Here's one sympathetic ear:
It is plain to anyone reading the Voting Rights Act that it applies to all "voting qualification[s]." And it is equally plain that [New York Election Law] § 5-106 disqualifies a group of people from voting. These two propositions should constitute the entirety of our analysis. Section 2 of the Act by its unambiguous terms subjects felony disenfranchisement and all other voting qualifications to its coverage.
The duty of a judge is to follow the law, not to question its plain terms. I do not believe that Congress wishes us to disregard the plain language of any statute or to invent exceptions to the statutes it has created. The majority's "wealth of persuasive evidence" that Congress intended felony disenfranchisement laws to be immune from scrutiny under § 2 of the Act includes not a single legislator actually saying so. But even if Congress had doubts about the wisdom of subjecting felony disenfranchisement laws to the results test of § 2, I trust that Congress would prefer to make any needed changes itself, rather than have courts do so for it.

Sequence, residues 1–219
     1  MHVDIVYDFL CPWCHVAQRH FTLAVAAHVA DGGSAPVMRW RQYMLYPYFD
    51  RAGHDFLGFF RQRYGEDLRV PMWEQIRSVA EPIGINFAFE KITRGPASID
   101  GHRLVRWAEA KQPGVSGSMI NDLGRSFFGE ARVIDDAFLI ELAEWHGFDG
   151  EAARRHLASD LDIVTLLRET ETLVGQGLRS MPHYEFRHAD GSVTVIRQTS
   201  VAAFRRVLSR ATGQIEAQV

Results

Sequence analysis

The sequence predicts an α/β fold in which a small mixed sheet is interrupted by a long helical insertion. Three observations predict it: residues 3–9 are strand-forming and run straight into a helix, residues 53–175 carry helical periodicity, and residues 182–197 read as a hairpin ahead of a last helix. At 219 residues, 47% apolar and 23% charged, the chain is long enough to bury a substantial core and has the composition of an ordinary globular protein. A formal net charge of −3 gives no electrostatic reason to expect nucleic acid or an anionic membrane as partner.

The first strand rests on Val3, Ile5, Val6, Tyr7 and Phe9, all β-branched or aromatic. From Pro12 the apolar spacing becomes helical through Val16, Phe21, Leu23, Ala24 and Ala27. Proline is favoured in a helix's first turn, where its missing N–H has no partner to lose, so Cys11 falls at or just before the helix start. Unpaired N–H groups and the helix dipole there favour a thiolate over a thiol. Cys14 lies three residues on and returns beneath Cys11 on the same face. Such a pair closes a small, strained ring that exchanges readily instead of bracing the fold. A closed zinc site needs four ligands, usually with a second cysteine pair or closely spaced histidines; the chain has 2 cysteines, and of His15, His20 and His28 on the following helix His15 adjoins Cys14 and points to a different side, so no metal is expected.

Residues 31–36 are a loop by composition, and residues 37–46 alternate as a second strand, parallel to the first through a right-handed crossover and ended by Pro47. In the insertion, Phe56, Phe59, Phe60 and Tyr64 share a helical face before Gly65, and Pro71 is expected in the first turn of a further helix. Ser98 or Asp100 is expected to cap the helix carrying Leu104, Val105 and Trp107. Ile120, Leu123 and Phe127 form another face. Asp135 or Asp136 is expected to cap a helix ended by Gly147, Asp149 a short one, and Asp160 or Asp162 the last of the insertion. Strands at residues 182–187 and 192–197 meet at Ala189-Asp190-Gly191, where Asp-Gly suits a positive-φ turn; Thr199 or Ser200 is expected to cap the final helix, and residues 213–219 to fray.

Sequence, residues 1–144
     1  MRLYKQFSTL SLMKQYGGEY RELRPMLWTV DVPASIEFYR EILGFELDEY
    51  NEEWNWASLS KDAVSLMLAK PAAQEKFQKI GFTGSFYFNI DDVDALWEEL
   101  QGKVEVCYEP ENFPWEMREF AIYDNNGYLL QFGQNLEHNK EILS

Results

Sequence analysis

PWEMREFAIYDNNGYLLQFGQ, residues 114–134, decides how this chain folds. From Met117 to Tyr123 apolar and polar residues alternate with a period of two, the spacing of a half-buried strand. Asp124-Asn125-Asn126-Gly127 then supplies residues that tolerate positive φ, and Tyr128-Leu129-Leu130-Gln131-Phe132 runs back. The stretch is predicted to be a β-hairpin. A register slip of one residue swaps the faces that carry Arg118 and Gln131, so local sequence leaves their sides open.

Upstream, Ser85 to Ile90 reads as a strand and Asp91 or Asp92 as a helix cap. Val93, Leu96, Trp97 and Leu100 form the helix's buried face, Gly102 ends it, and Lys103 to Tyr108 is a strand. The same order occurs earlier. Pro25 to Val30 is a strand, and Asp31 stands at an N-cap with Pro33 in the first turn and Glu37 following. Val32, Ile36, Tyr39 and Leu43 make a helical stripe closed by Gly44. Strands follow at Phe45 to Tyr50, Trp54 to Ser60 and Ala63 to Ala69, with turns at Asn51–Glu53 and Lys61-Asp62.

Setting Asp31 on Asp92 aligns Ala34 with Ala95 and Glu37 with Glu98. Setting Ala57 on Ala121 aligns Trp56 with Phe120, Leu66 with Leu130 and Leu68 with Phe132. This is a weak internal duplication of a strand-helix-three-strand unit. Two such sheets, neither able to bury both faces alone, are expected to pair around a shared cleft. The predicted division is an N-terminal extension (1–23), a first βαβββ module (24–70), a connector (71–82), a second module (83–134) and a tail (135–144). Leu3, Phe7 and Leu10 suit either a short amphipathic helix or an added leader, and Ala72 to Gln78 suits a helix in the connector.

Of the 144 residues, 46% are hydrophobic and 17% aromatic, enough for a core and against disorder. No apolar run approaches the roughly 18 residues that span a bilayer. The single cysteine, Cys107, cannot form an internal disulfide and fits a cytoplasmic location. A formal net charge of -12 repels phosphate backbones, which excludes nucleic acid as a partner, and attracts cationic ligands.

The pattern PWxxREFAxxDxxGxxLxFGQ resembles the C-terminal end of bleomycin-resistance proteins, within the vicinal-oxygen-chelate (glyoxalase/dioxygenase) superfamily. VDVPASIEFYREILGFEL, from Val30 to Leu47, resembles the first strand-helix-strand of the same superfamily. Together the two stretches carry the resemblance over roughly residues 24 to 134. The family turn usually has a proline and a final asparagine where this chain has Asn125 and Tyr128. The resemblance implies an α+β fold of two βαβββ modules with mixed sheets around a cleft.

What self-respecting strict constructionist could take issue with that?
Hayden v. Pataki, 449 F.3d 305 (2d Cir. 2006).